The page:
The box is of rectangular shape with canted corners raised on a thin foot. Finely woven reddish-brown basketry forms the curved sides of the bottom and lid with each corner bifurcated and inlaid with mother-of-pearl to form a dense pattern of minute geometric stars. The rims of bottom and lid meet when the box is closed forming a double border of inlaid fret and the foot is decorated with floret and vine motifs. On the lid a graceful pattern of large florets on spiraling leafy vines is inlaid with mother-of-pearl, the comma-shaped leaves reflecting a green color in contrast to the purplish-pink glow of the flower heads, each of which is composed of two circles of petals surrounding a small disk in the center, each petal incised with lines radiating from the disk. Black lacquer covers the base and deep red lacquer with some surface crackle coats the receptacle and lid interior.
This small box with delicate basketwork, refined design, and exquisite workmanship is a fine example of late Ming lacquerware. Such small, delicate pieces are not commonplace. An important example in the Cleveland Museum of Art is square and of approximately the same size as the present (fig. 1). The basketwork panels and use of mother-of-pearl inlay of the two are closely related, although the Cleveland piece is enhanced with gold. The Cleveland box is further inscribed on the base in red lacquer with a date corresponding to A.D. 1609 during the Wanli reign era (A.D. 1573-1619). At that particular time, lacquer wares with basketwork panels incorporated into the structures must have been quite popular items as evinced by a good number of dated examples and comparable pieces. A small box in a private collection with unusual border designs consisting of a cash pattern produced with inlaid mother-of-pearl is ascribed to this period and is also small in size, comparable to the present (fig. 2).
What is most unusual about the present box is the design decorating the rectangular field on the lid. A carefully organized pattern of blossoms floating amidst leafy tendrils that spiral round them is a rarity at a time when and in a medium where figural subjects dominated. Normally this type of floral pattern is relegated to border areas as exemplified in a lozenge-shaped tray and foliate dish illustrated here (figs. 3-5). The display of the flowers across the surface reminds us more of textiles, however, than lacquer compositions. Interestingly, in the earliest era of significant and sophisticated lacquer production in China, during the late Zhou and early Han period, the relationship between the two disciplines, lacquer and textile, was extremely close. That affinity between the two disciplines was likely at work again when the present lacquer box was designed.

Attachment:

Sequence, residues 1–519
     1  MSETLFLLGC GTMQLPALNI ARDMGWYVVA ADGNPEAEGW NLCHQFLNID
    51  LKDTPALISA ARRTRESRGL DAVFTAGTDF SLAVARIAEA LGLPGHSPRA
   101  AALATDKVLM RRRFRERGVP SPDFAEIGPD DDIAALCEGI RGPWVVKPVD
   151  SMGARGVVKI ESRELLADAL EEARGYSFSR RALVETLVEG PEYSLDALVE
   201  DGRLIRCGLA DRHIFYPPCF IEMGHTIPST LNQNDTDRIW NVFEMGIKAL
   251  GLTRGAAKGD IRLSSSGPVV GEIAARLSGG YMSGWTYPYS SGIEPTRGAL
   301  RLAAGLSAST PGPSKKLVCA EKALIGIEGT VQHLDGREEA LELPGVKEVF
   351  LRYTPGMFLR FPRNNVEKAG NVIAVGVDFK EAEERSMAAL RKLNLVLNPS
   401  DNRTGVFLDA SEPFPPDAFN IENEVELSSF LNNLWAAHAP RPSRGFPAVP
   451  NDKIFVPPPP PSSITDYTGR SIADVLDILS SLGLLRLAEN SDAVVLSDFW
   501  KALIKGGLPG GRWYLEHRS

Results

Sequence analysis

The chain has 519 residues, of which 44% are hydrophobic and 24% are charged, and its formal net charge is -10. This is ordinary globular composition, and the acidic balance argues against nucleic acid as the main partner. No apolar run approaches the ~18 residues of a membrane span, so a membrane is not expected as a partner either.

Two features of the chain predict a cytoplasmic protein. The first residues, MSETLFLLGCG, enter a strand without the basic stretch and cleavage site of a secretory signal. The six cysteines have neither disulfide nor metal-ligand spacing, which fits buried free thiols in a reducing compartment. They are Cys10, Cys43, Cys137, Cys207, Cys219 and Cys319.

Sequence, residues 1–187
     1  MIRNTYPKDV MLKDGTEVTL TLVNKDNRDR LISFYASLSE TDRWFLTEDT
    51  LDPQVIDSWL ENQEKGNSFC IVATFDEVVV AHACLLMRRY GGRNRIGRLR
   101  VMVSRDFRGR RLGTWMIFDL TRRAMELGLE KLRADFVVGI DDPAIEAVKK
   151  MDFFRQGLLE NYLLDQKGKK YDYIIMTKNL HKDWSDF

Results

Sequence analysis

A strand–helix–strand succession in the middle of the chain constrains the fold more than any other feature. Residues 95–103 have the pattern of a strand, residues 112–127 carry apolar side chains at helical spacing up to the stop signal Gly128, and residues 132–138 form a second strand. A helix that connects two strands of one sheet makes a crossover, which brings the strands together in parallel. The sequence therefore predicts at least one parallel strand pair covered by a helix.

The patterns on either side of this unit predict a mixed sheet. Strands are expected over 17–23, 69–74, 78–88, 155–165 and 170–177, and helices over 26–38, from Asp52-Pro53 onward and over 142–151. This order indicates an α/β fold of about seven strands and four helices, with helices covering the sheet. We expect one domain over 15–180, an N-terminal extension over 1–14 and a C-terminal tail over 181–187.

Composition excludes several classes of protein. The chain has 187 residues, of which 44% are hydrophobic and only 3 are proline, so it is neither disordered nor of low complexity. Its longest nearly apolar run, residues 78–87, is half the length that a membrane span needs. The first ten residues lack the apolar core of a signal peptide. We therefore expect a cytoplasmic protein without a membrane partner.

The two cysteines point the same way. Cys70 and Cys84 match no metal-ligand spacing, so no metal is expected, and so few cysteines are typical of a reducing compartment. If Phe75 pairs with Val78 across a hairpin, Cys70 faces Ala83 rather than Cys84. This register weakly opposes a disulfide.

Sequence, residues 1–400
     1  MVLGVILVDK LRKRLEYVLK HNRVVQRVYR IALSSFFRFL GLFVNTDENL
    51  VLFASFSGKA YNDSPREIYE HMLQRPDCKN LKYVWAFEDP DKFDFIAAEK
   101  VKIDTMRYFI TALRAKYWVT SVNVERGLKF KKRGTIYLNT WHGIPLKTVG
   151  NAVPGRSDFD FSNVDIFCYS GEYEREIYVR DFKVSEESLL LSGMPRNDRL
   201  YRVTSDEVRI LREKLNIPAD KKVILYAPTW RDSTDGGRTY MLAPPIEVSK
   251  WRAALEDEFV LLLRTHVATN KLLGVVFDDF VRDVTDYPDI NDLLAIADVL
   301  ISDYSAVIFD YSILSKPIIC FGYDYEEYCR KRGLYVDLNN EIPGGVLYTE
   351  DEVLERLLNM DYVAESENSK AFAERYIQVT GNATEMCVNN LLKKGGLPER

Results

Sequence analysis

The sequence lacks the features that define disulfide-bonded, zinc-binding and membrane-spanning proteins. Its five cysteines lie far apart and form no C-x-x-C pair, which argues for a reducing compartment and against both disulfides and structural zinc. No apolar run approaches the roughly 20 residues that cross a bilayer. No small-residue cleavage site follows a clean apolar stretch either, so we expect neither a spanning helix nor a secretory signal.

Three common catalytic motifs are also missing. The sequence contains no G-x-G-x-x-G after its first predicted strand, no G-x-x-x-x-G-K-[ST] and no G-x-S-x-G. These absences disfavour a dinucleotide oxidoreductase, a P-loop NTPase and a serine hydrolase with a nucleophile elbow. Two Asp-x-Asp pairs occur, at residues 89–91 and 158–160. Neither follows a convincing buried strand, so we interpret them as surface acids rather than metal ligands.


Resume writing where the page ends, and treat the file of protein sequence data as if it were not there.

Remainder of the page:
1. For example, see Sheila Riddell, Dated Chinese Antiquities, London and Boston, 1979, p. 219, for a large rectangular box with basketry panels in the Nelson-Atkins Museum of Art, Kansas City, dated to A.D. 1610, and a circular box with similar panels in the British Museum dated to A.D. 1620. For further examples see James C.Y. Watt, The Sumptuous Basket: Chinese Lacquer with Basketry Panels, China Institute in America, New York, 1985.
Fig. 1: Square lacquer box with basketwork, late Ming dynasty, dated to A.D. 1609, Cleveland Museum of Art, after James C.Y. Watt, The Sumptuous Basket: Chinese Lacquer with Basketry Panels, New York, 1985, pl. 29, p. 84.
Fig. 2: Small square lacquer box with basketwork and mother of pearl inlay, late Ming dynasty, late 16th-early 17th century A.D., Private Collection, after James C.Y. Watt, The Sumptuous Basket: Chinese Lacquer with Basketry Panels, New York, 1985, pl. 30, p. 87.
Fig. 3: Base of lozenge-shaped lacquer tray with mother-of-pearl, Ming dynasty, 16th century A.D., Metropolitan Museum, the Florence and Herbert Irving Collection, after James C.Y. Watt and Barbara Brennan Ford, East Asian Lacquer; The Florence and Herbert Irving Collection, New York, 1991, no. 59, p. 143.
Fig. 4: Foliate black lacquer with mother-of-pearl inlaid dish, Ming dynasty, late 16th-early 17th century A.D., Metropolitan Museum of Art, the Florence and Herbert Irving Collection, after James C.Y. Watt and Barbara Brennan Ford, East Asian Lacquer; The Florence and Herbert Irving Collection, New York, 1991, no. 60, p. 136.
Fig. 5: Detail of figure 4.
Fig. 6: Lid of the box cat. 62.